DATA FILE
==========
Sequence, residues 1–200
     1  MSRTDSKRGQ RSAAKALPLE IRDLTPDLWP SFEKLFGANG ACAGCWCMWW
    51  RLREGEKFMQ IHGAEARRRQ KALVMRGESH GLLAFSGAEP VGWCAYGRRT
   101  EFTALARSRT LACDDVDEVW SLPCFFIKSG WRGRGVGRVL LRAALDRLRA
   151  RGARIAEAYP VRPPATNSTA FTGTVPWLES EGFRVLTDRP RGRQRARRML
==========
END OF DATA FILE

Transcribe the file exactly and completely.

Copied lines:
Sequence, residues 1–200
     1  MSRTDSKRGQ RSAAKALPLE IRDLTPDLWP SFEKLFGANG ACAGCWCMWW
    51  RLREGEKFMQ IHGAEARRRQ KALVMRGESH GLLAFSGAEP VGWCAYGRRT
   101  EFTALARSRT LACDDVDEVW SLPCFFIKSG WRGRGVGRVL LRAALDRLRA
   151  RGARIAEAYP VRPPATNSTA FTGTVPWLES EGFRVLTDRP RGRQRARRML